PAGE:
Negotiating with the RSS content scrapers

Last week I was browsing Technorati to see which blogs had recently linked to one of my own, when I saw something familiar: a copy of one of my articles on a different web site.

Sometimes it’s just a long quote, used either for another site’s commentary, or to link back, and I’ve no problem with this usage.

The main issue is with sites that scrape content and publish it on their own AdSense-riddled layouts in the hope of making some cash from other people’s work.

Though I abhor this type of site, I’ll often let them pass by because it’s not worth my time reporting them or searching around for a contact. If they’ve lifted an item of news I’ve written based on a press release, then I don’t feel quite so hard done by. The article in question, however, was a verbatim copy of an opinion piece I had spent a considerable amount of time working on. I felt aggrieved. The only reason any links pointed back to my site at all was because I had put internal links within the article itself.

Unusually, I found a contact form for the site (I won’t name and shame them here) and sent a polite but firm explanation stating that they had lifted several articles (I searched further) from my site – as well as from a number of others – and that I’d appreciate the content being removed.

I didn’t expect to get a reply, but today an email arrived which (paraphrased) said:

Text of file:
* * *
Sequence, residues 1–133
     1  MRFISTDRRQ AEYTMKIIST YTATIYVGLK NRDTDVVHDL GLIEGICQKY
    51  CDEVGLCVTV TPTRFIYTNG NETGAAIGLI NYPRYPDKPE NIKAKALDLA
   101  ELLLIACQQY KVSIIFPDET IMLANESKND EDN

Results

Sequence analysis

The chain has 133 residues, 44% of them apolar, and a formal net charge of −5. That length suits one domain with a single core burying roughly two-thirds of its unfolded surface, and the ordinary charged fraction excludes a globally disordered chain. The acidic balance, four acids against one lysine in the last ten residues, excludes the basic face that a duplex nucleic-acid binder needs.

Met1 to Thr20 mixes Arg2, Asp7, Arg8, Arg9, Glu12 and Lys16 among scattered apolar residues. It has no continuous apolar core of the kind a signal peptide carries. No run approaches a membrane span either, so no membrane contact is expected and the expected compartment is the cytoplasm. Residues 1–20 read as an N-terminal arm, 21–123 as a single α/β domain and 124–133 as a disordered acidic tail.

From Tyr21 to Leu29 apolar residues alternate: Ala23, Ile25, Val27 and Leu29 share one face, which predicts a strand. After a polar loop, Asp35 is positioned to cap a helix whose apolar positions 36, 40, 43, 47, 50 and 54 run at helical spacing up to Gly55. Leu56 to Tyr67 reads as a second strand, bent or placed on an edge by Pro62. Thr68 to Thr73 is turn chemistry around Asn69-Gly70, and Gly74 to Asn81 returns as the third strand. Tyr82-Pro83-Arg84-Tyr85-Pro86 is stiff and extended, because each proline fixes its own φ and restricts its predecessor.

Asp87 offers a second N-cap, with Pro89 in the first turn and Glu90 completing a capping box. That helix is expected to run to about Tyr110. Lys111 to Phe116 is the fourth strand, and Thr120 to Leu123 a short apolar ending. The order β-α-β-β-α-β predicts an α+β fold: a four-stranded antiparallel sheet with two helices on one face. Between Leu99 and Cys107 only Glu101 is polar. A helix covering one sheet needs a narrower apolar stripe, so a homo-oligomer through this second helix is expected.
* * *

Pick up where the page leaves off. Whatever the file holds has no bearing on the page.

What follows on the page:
I didn’t copy and paste your content on my site. I just used your RSS feed from your site (and many other sites) and my script imported it to my site. Our blogger writes content about gadgets from all over the world, and you can find it in another section.

Anyway, I’m sorry if you don’t agree that I used your RSS, and I have two options to offer you.

1. I use your RSS feed in my site and at the end of it link to your site for the complete story. In this way you’ll get more visitors to your site.
2. I remove your RSS from my system.

Any way, I think if you choose option 1 I’ll send you more visitors and you can send me visitors.

So, what do we have here?

  1. Someone who believes (as I’m sure many others do) and blatantly acknowledges that it’s OK to do whatever they want with the contents of an RSS feed. The very fact that I chose to publish it gives them that right.
  2. Someone who thinks that, after I’ve discovered their splog, I might still consider “option 1” and link back to their site.

Would it have been a big deal to link and be linked? Well, quite apart from my own ‘ethical’ viewpoint, I don’t really want to test out Google’s ‘bad neighbourhood’ penalty, duplicate content penalty, nor any other problems that might arise from being associated with dubious sites.

The dilemma is how much time, in a busy blogging schedule, to spend on tracking down and attempting to eradicate these parasites.

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Comments

  1. says

    Why don’t you just add a signature to the bottom of each post with your name and URL. That way you get the credit and, maybe, a little traffic.

  2. says

    These type of people really tick me off!

    After discovering one site from [a certain domain] hosting blogs stealing my content, (which I had shut down) I discovered dozens more!

    You’re right about one thing…fighting these types of blogs is time consuming and irritating as well.

    I have better things to do in life than to send “cease and desist” orders to spam infested blog host sites.

  3. says

    One of the biggest reason to publish only partial feeds is to get around this annoyance. Its a bit of a debate, but if you do, you’ll guarantee that this won’t happen — at least to the extent that it does.